The Volokh Conspiracy

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Obtaining Happiness by Viewing Predators


From Nevada Wildlife Alliance v. Nevada Dep't of Wildlife, decided Oct. 22, 2021 by the Nevada Supreme Court but just posted on Westlaw:

NRS 502.253(4)(b) provides that the Department of Wildlife "[s]hall not adopt any program for the management and control of predatory wildlife developed pursuant to this section that provides for the expenditure of less than 80 percent of the amount of money collected pursuant to subsection 1 … for the purposes of lethal management and control of predatory wildlife.

NRS 502.253(4)(b) … obligates the Department of Wildlife to dedicate a minimum percentage [80%] of funds collected to the lethal management and control of predatory wildlife, violates Nevada's equal protection and due process clauses….

At the outset, we assume, without deciding, that the statute implicates equal protection analysis because it has a disparate impact on "similarly situated" people—specifically those like appellants, who enjoy viewing predatory wildlife, and big-game hunters…. Applying equal protection analysis, the next question is whether the challenged statute burdens a fundamental interest in a discriminatory way; if so, the statute is subject to strict judicial scrutiny.

In this case, the statute does not burden a fundamental interest because the interest appellants assert—viewing and enjoying wildlife—is not "explicitly or implicitly guaranteed by the Constitution." Though appellants argue that a fundamental interest should extend from the inalienable rights guarantee of the Nevada Constitution, Nev. Const. art. 1, § 1 (providing that Nevada persons have "certain inalienable rights among which are those of enjoying and defending life and liberty; Acquiring, Possessing and Protecting property and pursuing and obtaining safety and happiness"), appellants do not provide support for extending this clause to the right to view wildlife that they assert. Appellants have not argued that the statute burdens the "traditionally recognized core of the right" to pursue happiness, or impinges on any other principled limitation on that right.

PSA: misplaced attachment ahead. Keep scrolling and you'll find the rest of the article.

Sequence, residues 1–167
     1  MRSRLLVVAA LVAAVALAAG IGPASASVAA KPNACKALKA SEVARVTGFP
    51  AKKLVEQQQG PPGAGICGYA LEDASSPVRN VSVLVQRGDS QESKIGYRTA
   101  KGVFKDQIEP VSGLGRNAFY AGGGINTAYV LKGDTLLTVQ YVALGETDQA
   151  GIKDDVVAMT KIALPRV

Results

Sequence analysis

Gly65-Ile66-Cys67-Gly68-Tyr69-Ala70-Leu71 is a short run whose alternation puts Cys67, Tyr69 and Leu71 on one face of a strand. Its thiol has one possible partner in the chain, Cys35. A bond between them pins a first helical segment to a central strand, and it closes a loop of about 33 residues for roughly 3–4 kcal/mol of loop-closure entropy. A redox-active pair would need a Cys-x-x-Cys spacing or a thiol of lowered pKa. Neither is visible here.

Appellants have not argued that intermediate scrutiny applies, and because appellants have not demonstrated that NRS 502.253(4)(b) burdens a fundamental interest in a discriminatory way, their equal protection challenge receives rational basis review, which asks whether the challenged classification is "rationally related to a legitimate governmental interest."

Here, there are rational bases for the statute—such as the Legislature's belief that predator control will support animals in need of conservation by allowing them to respond more quickly to favorable habitat conditions—and that is all that is required…. "[T]he Constitution does not require the [State] to draw the perfect line nor even to draw a line superior to some other line it might have drawn. It requires only that the line actually drawn be a rational line." … Further, while appellants urge that, under state constitutional doctrine, there must be a basis in fact for a statute's asserted rational basis, that proposition is at odds with both the Supreme Court's and this court's long-standing formulation of the rational basis standard.

Alternatively, appellants argue that NRS 502.253(4) (b) burdens their fundamental right to view wildlife, specifically predatory wildlife, which they assert is a right that falls within Nevada's guarantee of substantive due process. The Due Process Clause "protects those fundamental rights and liberties which are, objectively, 'deeply rooted in this Nation's history and tradition.'" … Appellants assert they have a fundamental right to view and enjoy predatory wildlife, but they fail to explain how this right is rooted in the country's or state's history and tradition, or the text of either the state or federal constitution….

In sum, the statute withstands rational basis review, and respondents were entitled to summary judgment.